Although not the most-remembered segment of this horror anthology, "Julie" is pretty intense, especially because of the story's kinkier aspects: a student-teacher sexual relationship, and an early appearance on television of date-rape (replete with rape drug). The lurid segment's final revelation, that Julie is a veritable man-eater who maintains a scrapbook of her sexual conquests and murder victims, is also scarily effective.  Although it becomes clear that Julie is actually a wolf in sheep's clothing, the story nonetheless works as a "cosmic scales of justice righted" tale.

Chad certainly had it coming, given his misdeeds...

Prime among the Trilogy of Terror stories, "Julie" makes fine use of Karen Black's talents, understanding the raw, unusual allure of this distinctive performer.  Sometimes Black can look absolutely gorgeous, but she can also be made-up to appear somewhat homely.  In other words, Black is a performer with layers, and all those layers are put to tricky and clever use in the TV-movie's first story.  In "Julie," Black exudes coiled-up, repressed sexuality even in the most innocuous school room scenes.  Even "hidden" under ugly glasses and dressed in unflattering clothes, Black manages to project this electric sense of the dangerous, of the erotic.  And that's what this story is all about.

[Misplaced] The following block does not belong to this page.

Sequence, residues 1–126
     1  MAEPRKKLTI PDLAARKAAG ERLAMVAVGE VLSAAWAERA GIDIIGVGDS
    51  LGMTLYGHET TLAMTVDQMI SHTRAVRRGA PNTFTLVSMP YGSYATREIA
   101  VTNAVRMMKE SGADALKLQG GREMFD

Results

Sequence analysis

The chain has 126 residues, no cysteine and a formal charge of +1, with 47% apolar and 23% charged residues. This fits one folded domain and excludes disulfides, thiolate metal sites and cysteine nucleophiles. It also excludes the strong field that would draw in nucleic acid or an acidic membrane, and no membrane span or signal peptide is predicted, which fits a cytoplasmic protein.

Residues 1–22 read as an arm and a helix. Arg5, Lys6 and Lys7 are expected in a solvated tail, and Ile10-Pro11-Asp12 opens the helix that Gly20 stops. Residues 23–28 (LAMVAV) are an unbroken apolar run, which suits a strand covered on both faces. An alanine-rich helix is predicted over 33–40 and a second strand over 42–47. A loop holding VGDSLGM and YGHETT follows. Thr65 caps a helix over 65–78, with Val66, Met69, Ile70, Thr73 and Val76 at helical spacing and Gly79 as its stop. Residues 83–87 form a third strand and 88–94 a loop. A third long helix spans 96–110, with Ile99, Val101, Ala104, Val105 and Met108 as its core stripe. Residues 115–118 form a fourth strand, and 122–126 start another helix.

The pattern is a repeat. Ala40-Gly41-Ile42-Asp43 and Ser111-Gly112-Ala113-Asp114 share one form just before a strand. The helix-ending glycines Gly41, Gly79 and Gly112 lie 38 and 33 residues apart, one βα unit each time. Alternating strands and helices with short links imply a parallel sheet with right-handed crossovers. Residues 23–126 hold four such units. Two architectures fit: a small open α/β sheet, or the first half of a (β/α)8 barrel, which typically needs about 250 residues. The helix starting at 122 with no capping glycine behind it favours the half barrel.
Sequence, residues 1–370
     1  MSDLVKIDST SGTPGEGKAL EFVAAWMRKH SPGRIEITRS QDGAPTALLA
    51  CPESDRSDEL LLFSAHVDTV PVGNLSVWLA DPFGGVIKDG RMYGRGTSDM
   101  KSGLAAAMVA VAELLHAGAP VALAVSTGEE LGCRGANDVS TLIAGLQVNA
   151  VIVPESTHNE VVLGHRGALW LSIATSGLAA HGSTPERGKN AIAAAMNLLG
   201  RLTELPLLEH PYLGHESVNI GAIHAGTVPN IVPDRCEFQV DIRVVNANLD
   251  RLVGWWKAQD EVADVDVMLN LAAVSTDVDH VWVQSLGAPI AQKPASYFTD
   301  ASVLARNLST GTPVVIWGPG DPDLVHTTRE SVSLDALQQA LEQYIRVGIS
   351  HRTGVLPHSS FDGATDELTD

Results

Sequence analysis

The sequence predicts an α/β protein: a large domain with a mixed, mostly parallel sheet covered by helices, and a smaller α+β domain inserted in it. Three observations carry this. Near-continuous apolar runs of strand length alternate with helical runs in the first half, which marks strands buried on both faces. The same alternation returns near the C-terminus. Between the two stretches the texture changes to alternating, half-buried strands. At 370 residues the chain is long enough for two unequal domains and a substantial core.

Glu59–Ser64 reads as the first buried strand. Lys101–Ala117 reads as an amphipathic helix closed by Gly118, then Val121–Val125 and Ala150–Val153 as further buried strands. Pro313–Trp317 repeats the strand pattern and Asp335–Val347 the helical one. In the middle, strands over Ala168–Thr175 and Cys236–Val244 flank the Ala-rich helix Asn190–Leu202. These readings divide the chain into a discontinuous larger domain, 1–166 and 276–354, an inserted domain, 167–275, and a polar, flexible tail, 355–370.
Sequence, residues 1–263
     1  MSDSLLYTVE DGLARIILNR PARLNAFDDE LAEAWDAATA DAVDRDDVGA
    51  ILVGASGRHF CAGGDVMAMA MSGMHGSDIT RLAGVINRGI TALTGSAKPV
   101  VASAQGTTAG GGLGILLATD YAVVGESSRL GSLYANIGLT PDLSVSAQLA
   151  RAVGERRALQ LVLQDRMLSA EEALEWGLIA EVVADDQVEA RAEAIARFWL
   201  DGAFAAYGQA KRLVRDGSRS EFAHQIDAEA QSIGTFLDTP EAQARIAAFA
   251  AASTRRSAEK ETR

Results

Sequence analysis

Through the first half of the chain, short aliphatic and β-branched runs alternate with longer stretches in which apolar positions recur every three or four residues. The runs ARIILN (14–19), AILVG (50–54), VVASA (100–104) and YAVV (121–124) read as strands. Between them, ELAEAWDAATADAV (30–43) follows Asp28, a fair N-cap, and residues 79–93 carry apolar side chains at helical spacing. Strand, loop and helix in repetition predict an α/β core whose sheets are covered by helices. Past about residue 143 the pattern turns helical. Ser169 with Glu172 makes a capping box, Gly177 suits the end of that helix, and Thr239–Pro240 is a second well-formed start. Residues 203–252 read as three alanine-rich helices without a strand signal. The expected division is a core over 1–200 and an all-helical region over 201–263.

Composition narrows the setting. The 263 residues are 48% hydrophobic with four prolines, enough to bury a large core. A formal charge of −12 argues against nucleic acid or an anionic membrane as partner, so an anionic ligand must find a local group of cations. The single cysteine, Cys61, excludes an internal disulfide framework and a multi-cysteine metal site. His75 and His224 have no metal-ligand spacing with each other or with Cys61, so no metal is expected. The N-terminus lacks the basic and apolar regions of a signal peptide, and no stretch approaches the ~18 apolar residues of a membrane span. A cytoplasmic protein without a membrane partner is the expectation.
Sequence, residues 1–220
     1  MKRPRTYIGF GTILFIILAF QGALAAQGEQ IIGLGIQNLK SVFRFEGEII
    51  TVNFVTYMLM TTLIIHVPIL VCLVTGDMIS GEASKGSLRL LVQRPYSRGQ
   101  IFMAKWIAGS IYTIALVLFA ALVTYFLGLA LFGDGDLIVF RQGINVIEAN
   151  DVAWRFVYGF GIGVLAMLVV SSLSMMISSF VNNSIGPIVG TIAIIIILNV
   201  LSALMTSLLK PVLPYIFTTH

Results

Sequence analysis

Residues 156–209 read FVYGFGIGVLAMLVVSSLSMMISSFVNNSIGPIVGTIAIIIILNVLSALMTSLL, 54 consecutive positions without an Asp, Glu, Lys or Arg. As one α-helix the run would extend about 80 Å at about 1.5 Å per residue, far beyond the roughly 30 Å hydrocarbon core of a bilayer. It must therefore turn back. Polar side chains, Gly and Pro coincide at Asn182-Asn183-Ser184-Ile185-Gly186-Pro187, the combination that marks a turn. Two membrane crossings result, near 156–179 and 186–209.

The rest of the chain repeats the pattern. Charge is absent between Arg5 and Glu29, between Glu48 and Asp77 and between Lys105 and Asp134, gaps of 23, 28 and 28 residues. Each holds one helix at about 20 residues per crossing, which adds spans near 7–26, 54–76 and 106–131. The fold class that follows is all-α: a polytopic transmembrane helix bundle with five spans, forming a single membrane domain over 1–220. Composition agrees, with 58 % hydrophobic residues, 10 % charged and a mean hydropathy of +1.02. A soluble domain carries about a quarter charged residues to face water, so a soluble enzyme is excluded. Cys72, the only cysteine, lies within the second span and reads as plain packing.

In Trilogy of Terror's second story, titled "Millicent and Therese" another apparently prim-and-proper woman, a spinster named Millicent (Black) plans to destroy her younger sister, the sexually-promiscuous and possibly Satanic, Therese (also Black). Millicent communicates with a psychologist  (George Gaynes) about Thesese, and then plans to use her sister's own fondness for voodoo against her.

Of the triumvirate, "Millicent and Therese" proves the weakest story in short order.  It's pretty obvious from the get-go where the story is headed, and what relationship these "sisters" actually share.  There's much talk of sex in "Millicent and Therese," but in many ways, this story feels like a retread of "Julie" in that Black again plays both reserved and overtly sexy.  Despite the familiarity of the material and obviousness of the story's final "twist," Dan Curtis does an effective job of directing the tale.